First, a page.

• Data Tracking & Assessment - Individual reading and math assessments take up valuable time. Train your para in how to assess students and track their performance - according to whichever tracking system you are utilizing in your teaching - and have them individually assessing students.

  • Small Group Instruction - If you have a lesson plan already written out, train your para to run the lesson with a small group of students. This can be done using the breakout feature OR they can schedule a session with just those students. Depending on your para’s comfortability and experience, have them plan a lesson based on student IEP goals and lead the lesson; during your weekly meetings review how it went and the data they garnered from their lesson.


  • Grading - Teach your para to use your rubrics or answer keys to grade student work. Then, pass over that grading! This can help reduce your workload and give your para valuable information on student present levels. It also gives your para insight into teacher mindsets when analyzing student work to re-teach and identify strengths and weaknesses. (Some states have guidelines stating paraprofessionals shouldn’t “assign” grades - which means they should not have access to your grade book.)

  • Observations (also, Data Tracking) - Paras can help with student observations for data on IEP goals. They can also observe your teaching with the same teaching rubric you will be evaluated with so that you can prepare for your own evaluation - boom!

  • Lesson Planning and Research - Have your para help you find videos, lesson plans, photos, worksheets, new (free) learning platforms (depending on district policies). As long as you give specific instructions on what to look for - your para can do the searching and prep for you. For example, ask them to find short, informational videos to provide background information and context for new units — curating those videos is time consuming!

  • Notes Home - A great way to keep in communication with students and parents during remote learning is to send little notes home - via email, text, or snail mail. This will help you build relationships with your students and families. Your para can help write and send those notes!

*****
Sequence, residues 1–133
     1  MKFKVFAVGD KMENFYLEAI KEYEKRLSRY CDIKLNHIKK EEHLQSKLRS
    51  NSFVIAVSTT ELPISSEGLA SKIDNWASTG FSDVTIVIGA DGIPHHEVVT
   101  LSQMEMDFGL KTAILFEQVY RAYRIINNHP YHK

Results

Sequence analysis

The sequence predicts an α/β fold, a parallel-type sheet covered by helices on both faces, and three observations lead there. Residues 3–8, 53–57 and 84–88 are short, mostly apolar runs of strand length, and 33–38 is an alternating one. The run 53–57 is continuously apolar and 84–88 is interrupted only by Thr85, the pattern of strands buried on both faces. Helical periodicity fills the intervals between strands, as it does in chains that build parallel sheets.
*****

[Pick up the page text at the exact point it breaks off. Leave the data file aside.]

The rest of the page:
• Differentiation - Have paras help create graphic organizers, differentiated worksheets, audio versions of text, and more. Similar to lesson planning and research, this can be whole mini lessons to create prior knowledge. Having your para involved in the grading will help them get to intimately know the students’ abilities and will make this process easier.

  • Google Classroom - Organizing documents, presentations, sites and more on Google Drive can be tedious. Have your para help you create, keep up-to-date, and organize your folders, Google Classroom announcements, assignments, and more.

  • Scheduling and Invites - your para can help you by scheduling zoom calls, 1:1 conferences, small group instruction and parent teacher updates. Give them access to your calendar and keep it up to date so they can just schedule meetings based on your availability.

Helpful Tips for Success

  • Weekly Meetings - Take 30 minutes to an hour each week to discuss the upcoming lessons, their responsibilities, any grading demands, parent contacts, and student concerns. Walk through the weekly schedule one day at a time listing the responsibilities of you and your para. We like to start with ‘grows and glows’ to get our meeting started with some ease.

  • Create and Use Rubrics - Take time to create an answer key or a high quality rubric to ensure consistency among grading practices! Use the days before school, or your weekly meetings, to review the rubrics together.

  • Create Robust Lesson Plants - Scripting lessons sounds tedious - but we promise, it is helpful! Especially when paras might be the ones implementing the lesson plans. If you are having your paras lead small groups independently, have them practice a few times with you first before releasing them on their own. Even better - have them observe a few small group lessons. When they feel comfortable, they can run small groups on their own while you observe and give feedback.

  • Create a Manual - Create Google Drive folders or binders with documents, links, folders, and classroom or behavioral expectations that your para will need to be successful. Include school wide discipline practices, instructions for how to access the specified video platform, and Google Classroom, a list of passwords to online programs, and anything else they will need. Keep this in one spot and be sure to update it regularly.

  • Create a Substitute Folder - Always have back up lessons available in case you need to take a day off. Share those plans with your para so they may assist the substitute with the lesson plans and class expectations. In our classroom, my para generally becomes the ‘lead’ teacher in these situations, as they are familiar with the students, systems, and structures of the classroom.